According to Feldman, however, such a result needn’t worry us. On a theoretical level, he finds nothing irreconcilable between Islam and democracy, and argues that they actually have a lot in common. As ”mobile ideas,” both view everyone as equal; both are flexible (adaptable to different cultures and circumstances) and relatively simple.
True, Islamism’s image may have been tarnished in the West by extremists. But that savagery was the work of a few fanatics. ”Sept. 11, and the sporadic attacks which have followed,” he writes, ”are the last, desperate gasp of a tendency to violence that has lost most of its popular support.” In contrast, Feldman points to reassuring counterexamples like the rise of moderate Islamic parties in Indonesia, Jordan, Morocco and Turkey, and to the writings of reformers like the Tunisian exile Rachid Ghannouchi to show that fusions of Islam and democracy are not only possible, but inevitable.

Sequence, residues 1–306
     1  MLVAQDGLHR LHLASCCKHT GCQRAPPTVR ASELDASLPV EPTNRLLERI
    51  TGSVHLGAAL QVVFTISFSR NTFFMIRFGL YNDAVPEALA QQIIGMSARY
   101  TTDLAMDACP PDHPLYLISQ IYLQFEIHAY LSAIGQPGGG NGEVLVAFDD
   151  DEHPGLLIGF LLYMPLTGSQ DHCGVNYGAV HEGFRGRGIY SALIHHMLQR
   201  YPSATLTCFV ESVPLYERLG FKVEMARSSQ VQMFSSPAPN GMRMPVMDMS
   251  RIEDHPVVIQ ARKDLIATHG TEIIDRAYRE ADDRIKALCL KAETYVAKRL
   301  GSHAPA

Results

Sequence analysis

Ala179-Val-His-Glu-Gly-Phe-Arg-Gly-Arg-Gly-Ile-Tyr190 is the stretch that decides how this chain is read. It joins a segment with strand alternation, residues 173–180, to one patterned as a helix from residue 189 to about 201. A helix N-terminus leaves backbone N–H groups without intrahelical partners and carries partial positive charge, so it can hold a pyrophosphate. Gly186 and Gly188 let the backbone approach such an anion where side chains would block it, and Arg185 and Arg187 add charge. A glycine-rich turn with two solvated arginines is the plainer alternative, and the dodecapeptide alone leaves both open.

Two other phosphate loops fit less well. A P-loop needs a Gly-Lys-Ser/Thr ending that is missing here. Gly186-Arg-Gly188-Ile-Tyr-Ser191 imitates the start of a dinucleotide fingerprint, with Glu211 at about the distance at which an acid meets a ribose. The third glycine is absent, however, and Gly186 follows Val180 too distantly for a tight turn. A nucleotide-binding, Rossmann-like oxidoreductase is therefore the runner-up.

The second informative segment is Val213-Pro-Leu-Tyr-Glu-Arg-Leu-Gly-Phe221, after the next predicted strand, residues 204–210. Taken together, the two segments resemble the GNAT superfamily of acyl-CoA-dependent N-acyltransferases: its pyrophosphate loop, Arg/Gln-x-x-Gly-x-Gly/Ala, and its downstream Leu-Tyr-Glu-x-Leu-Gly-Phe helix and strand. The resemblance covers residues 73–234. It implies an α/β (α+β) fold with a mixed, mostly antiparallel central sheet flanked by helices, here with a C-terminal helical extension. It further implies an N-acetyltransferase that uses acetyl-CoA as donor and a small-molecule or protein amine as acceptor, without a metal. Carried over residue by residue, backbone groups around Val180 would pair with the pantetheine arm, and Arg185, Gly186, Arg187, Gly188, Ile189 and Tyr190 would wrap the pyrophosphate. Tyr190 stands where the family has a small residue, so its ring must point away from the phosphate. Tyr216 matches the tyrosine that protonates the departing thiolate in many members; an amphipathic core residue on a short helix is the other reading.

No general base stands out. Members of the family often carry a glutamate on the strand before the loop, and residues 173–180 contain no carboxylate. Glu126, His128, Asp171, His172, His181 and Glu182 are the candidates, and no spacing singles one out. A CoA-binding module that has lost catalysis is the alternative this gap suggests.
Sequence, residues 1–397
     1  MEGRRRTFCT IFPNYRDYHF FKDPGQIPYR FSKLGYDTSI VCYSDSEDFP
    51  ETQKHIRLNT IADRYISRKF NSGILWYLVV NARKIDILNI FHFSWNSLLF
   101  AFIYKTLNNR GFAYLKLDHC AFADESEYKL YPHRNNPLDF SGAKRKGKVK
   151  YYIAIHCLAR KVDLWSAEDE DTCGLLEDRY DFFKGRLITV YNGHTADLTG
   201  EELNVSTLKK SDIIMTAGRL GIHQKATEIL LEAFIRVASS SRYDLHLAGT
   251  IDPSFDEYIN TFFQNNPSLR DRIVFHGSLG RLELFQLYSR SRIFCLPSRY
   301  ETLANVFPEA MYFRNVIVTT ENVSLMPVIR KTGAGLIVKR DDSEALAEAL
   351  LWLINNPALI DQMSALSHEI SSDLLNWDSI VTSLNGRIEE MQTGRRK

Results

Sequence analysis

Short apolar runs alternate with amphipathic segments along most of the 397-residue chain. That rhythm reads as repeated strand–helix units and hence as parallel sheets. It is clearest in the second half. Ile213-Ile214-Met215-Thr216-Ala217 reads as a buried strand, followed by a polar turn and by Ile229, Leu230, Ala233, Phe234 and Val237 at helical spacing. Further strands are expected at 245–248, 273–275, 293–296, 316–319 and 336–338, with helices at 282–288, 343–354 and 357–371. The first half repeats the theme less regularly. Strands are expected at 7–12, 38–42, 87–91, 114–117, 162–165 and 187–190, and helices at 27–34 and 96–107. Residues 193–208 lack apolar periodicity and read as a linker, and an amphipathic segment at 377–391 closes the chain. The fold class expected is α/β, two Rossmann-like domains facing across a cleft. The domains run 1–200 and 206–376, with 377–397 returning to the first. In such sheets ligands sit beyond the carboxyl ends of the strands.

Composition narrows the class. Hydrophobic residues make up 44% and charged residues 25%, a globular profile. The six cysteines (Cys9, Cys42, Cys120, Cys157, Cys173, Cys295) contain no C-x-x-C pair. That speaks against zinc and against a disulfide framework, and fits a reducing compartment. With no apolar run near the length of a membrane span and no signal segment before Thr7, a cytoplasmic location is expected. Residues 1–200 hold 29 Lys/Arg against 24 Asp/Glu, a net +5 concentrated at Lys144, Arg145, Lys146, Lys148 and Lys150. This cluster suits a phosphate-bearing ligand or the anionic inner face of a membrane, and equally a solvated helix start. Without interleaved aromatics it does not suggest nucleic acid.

With these arguments, Feldman has thrown himself into the center of an unruly brawl now raging in policy circles over what to do with the Arab world. One faction consists of the cautious staff members of the State Department, pessimists (or ”realists,” as they prefer to be called) for whom culture is destiny and the Middle East an unredeemable mess. Another camp is represented by thinkers like Bernard Lewis and Fouad Ajami, who are almost as critical of Arab states as the pessimists but advocate a new American imperium to remake the region. Still a third faction includes scholars like Graham Fuller and John L. Esposito, who have so much faith in Arab reformers that they oppose outside interference.